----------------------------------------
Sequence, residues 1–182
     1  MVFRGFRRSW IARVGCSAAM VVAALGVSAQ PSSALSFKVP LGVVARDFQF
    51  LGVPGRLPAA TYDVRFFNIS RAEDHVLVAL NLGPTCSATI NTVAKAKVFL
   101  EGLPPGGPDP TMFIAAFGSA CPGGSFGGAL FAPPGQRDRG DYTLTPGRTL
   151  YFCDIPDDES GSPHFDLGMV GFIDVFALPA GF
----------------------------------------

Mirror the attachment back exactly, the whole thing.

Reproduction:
Sequence, residues 1–182
     1  MVFRGFRRSW IARVGCSAAM VVAALGVSAQ PSSALSFKVP LGVVARDFQF
    51  LGVPGRLPAA TYDVRFFNIS RAEDHVLVAL NLGPTCSATI NTVAKAKVFL
   101  EGLPPGGPDP TMFIAAFGSA CPGGSFGGAL FAPPGQRDRG DYTLTPGRTL
   151  YFCDIPDDES GSPHFDLGMV GFIDVFALPA GF